We can't reverse climate change without working together
No-one, company or individual, can save the planet by themselves, and all your efforts could be for nothing without widespread support. It's hard to hear, but the fight against climate change is full of uncomfortable truths.
Saving the planet means working together, and it needs lots and lots of data. That makes technologists, who are used to collaborating and working with massive datasets, uniquely - perhaps surprisingly - well-suited to step up.
Alberto Arribas-Herranz, Sustainability Science Lead, Europe at Microsoft, led the design and development of climate prediction systems at the UK Met Office for a long time, but eventually grew frustrated.
"There is a lot of extremely useful data that is coming from all of the climate models, but the data is still difficult to use, and where you really get all of the value, actually, is by combining this kind of climate data with somebody else's data. So, whether you just need to be able to address flooding, or you need to be able to address carbon emissions, you need to do this combination."
The draw of new technologies like the cloud, which would make it easier to work across multiple datasets, drew him to Microsoft. The company already boasts strong sustainability commitments, with plans to be carbon neutral by 2030 (2025 for its data centres), and similar commitments around water positivity and e-waste.
"I think everybody has to remember that we are not carbon negative just for the sake of doing it. We are doing it because that's what is going to keep the planet actually in a state that is fit for humans and animals and plants to live."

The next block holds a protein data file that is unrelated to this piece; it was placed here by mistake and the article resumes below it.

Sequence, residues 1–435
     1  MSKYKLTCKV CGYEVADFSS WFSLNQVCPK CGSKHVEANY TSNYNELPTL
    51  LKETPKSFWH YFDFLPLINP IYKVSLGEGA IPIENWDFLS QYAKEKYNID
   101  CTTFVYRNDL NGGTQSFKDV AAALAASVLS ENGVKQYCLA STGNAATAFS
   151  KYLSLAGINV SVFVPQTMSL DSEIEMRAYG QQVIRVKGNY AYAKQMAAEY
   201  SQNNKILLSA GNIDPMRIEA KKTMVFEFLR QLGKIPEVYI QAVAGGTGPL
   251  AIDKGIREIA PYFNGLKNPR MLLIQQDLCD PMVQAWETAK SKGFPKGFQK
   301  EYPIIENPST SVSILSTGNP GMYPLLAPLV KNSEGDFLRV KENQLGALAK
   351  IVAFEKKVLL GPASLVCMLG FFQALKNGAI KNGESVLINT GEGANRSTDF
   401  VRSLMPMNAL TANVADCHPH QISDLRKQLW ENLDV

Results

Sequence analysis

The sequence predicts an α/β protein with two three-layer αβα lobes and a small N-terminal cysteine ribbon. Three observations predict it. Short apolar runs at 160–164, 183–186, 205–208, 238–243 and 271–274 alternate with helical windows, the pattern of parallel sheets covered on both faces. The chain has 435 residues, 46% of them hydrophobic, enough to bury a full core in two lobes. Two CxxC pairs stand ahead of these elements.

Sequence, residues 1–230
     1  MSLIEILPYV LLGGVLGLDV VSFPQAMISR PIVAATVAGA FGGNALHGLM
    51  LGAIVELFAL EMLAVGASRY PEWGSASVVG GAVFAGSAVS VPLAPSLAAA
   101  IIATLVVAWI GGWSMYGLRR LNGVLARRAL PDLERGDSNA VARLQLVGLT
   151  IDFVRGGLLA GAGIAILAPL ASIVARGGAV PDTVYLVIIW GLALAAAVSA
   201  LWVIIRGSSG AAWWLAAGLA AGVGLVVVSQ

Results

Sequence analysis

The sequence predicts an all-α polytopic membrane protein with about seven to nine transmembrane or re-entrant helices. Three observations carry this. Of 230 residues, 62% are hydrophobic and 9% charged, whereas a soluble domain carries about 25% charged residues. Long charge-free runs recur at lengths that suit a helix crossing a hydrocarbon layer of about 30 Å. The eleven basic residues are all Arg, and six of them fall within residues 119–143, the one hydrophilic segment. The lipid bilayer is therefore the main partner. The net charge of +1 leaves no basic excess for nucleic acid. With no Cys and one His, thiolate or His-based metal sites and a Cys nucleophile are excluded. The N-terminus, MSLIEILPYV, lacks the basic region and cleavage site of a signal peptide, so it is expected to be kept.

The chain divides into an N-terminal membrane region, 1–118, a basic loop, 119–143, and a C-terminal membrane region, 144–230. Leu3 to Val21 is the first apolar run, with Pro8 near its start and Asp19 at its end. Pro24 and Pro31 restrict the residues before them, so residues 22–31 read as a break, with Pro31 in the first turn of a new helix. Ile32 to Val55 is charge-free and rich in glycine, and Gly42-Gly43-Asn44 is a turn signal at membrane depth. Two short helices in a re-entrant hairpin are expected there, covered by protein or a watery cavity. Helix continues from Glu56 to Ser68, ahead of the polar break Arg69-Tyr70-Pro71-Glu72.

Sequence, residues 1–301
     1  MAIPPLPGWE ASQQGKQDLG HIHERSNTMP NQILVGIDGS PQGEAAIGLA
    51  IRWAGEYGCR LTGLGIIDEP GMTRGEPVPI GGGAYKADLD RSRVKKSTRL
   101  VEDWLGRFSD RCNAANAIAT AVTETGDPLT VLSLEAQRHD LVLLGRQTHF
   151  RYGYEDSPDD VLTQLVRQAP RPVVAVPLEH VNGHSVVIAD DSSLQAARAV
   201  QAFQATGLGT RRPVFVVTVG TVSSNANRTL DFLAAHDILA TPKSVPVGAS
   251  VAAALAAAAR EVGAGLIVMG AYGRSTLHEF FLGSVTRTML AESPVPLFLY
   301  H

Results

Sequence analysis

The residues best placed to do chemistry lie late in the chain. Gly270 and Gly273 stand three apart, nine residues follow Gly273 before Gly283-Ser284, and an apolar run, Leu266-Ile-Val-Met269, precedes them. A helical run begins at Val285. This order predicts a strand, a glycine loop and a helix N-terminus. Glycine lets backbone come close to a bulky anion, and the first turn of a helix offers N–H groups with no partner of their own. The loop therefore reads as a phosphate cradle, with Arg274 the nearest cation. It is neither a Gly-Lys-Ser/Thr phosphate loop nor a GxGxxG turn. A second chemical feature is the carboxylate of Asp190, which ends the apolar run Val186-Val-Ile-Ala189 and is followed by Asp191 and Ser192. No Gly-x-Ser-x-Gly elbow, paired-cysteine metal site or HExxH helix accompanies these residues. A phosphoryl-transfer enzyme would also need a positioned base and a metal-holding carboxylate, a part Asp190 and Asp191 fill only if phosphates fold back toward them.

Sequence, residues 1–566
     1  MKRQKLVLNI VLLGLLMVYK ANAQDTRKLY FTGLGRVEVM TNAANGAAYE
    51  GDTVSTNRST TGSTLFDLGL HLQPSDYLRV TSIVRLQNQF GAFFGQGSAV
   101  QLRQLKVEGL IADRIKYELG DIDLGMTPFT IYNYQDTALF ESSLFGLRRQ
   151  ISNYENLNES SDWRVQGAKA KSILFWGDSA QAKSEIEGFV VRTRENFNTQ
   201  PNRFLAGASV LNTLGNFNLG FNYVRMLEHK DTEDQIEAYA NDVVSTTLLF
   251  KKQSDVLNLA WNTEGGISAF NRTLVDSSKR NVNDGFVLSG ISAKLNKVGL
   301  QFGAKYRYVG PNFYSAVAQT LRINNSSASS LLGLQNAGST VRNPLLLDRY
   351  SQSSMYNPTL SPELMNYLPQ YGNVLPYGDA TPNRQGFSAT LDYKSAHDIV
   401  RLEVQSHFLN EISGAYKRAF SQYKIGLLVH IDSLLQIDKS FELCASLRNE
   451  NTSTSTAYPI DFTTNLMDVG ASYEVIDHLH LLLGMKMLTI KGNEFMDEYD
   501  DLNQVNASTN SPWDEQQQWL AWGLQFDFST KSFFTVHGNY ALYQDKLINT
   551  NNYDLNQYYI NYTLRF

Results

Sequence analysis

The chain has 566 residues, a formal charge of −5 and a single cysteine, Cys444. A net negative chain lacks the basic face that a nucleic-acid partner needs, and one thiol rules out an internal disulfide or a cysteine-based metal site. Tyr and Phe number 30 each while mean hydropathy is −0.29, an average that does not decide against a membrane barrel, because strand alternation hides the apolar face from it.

Arribas-Herranz's role, and that of his team, is to make sure that all of those commitments are scientifically sound, rather than green-washing. However, he admits that despite Microsoft's market power, it can't fight climate change alone.
"Sustainability is a team sport. This is not something that we do alone, this is something that we do with others, particularly with all of the partners that we have, to really be able to help everybody."
Part of Microsoft's approach to this is the creation of various tools and solutions, which anyone can use to start tackling their climate challenges. One example is the Sustainability Calculator, where customers can input their data to get a "left-to-right" view of the total carbon emissions resulting from their cloud usage. The Calculator uses AI and analytics to provide actionable insights on how to reduce and forecast emissions, and to simplify carbon reporting.
Interest in these tools is rising across the board, but the retail banking and financial industries are especially keen. They can use solutions like this to assist with calculating risk, allocating capital and financing different products.
Policy-makers and regulators, who are tasked with building complex climate legislation, are also eager to get involved. The Sustainability Calculator and Planetary Computer may not look flashy, but perform a difficult and important step in the journey to net zero. By offering tools like these, Microsoft hopes to help everyone move further along that path, without needing to spend resources building something themselves.
"This is all part of the same story: you are reducing carbon, but you're reducing carbon for a reason, because we want to make this planet habitable by humans and plants and animals. It's worth highlighting that these two things don't happen in isolation: the whole push to carbon negative and the creation of solutions and tools that really facilitate people to protect and restore ecosystems."
Computing will run the Tech Impact Conference this year, exploring the relationship between tech and the climate - including case studies about the road to net zero, how to go green in your data centre and supply chain, and how to make small changes with a big impact. For those who are passionate about the planet - and those who are more wary - there has never been a better time to get involved.